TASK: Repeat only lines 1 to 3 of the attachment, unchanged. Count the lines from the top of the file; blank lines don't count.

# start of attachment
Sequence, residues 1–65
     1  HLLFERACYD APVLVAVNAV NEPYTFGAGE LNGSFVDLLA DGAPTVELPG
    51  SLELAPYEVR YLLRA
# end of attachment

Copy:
Sequence, residues 1–65
     1  HLLFERACYD APVLVAVNAV NEPYTFGAGE LNGSFVDLLA DGAPTVELPG
    51  SLELAPYEVR YLLRA